Monday, November 30, 2009


* the kind that hits at 4:00 am, when you're awake after you got up to pee, and before you fall back asleep.

Know what I realized? I'm not really interested in whipping-my-butt-into-shape anymore. I'm happy with my run/walk technique of finishing 5K races. I like going for a brief mile or two, then coming back home. I'm tired of "whipping-my-butt" and pressuring myself to reach some outwardly created goal of running 3.1 miles in one stretch, when I've already reached the most important, inwardly created ones, which are to: participate in fun runs again, feel more balanced, invest in my own health, and be stronger.

Needless to say, this was a fairly obvious, yet elusive realization. Have you been struck lately by anything you want to change?

Sunday, November 29, 2009

Soupy goodness

Using up ingredients from the farm box for soups. First, some butternut squash:

Next, some leeks and potatoes:

Ready-made lunches for next week!

Wednesday, November 25, 2009


Aside from being just a super-cool word, juxtapositions are some of my favorite things. The placement and/or connection of two things, usually to contrast them, is always enlightening. So when it comes to Thanksgiving, I usually have juxtapositions on my mind. Mashed potatoes and sweet potatoes. Apple pie and pumpkin pie. Gratitude and complaint. Intention and apathy.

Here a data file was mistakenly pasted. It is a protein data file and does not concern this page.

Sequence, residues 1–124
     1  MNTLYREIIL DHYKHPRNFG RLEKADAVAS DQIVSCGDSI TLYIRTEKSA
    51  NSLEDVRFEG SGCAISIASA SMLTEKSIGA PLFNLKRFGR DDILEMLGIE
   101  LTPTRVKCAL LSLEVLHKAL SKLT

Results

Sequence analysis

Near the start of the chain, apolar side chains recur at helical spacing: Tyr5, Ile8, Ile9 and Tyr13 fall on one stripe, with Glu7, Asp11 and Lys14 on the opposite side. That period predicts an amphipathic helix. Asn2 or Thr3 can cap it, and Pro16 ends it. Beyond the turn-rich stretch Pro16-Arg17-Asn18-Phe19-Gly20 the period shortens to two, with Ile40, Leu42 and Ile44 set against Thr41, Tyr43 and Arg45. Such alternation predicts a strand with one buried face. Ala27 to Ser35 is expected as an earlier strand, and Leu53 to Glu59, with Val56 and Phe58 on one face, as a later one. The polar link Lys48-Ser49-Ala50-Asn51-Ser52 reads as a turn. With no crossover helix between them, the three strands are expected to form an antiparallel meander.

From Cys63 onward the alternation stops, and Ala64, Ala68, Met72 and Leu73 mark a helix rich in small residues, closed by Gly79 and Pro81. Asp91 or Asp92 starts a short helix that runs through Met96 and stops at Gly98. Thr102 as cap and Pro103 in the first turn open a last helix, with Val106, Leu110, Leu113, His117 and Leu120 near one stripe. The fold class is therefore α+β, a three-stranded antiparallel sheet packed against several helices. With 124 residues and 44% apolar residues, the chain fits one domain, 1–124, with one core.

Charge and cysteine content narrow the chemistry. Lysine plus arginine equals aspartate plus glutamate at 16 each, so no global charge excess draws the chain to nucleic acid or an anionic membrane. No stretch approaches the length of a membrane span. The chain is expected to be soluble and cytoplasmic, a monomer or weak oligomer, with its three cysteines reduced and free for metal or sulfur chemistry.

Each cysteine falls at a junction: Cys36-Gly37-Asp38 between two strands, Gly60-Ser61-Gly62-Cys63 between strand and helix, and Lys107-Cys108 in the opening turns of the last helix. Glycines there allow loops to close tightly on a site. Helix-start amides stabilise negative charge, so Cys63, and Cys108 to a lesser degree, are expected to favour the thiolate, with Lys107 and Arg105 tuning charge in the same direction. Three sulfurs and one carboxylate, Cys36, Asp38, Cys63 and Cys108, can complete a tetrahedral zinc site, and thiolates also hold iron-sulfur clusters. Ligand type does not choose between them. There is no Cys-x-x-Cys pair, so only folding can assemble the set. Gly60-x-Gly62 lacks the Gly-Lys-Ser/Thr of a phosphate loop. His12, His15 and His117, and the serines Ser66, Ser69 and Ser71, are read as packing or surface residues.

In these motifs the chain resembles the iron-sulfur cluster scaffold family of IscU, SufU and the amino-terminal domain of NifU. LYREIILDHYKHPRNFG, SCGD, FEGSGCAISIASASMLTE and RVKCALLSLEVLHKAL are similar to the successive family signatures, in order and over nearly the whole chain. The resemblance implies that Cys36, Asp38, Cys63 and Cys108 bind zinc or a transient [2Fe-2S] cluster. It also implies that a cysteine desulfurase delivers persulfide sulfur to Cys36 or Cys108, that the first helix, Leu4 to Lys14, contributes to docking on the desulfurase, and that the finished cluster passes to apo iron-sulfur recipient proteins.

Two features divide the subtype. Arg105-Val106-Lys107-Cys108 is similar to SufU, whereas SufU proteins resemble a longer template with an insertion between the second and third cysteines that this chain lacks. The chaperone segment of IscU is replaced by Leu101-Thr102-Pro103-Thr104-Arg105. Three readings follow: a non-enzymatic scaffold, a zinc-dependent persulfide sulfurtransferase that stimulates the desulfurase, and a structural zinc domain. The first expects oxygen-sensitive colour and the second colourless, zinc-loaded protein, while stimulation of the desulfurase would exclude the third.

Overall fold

I feel very thankful this year, and as has lately seemed to be the case, my thankfulness is tinged with a sense of loss. Not dramatically so, no need to worry about me. But I have lost enough loved ones and borne enough pain over the years that all pain is now shadowed with joy and all joy whispered with pain. I know when I'm grieving that I will feel joy again (indeed, sometimes I find joy in the depths of the sorrow; there is a beauty to the grieving. It's difficult to explain in words, as you can tell by reading this post. The next great American writer, I'm not.). I know when I'm joyful that pain will find me again in the future. I accept this. So it goes.

It seems to me that awareness of this joy/loss juxtaposition is both a good thing and the bad part of being a grown-up. As a child, your sadness and your happiness are pure and unmixed; as you grow older and you come to understand more about the world, you see things differently. Some counseling theories suggest that emotionally healthy people are comfortable with this type of ambiguity, this dark/light juxtaposition.

But anyway. As I consider this Thanksgiving, I find myself reminiscing past Thanksgivings. I am thankful for all the times I've shared with loved ones, and I remember the Thanksgivings spent alone or in potluck with the nurses at TH's work. I miss the old Thanksgivings I remember at my grandparents' house, or at my aunt's house. I will miss the family that is not at my table. But I am so thankful we get to host the family this year.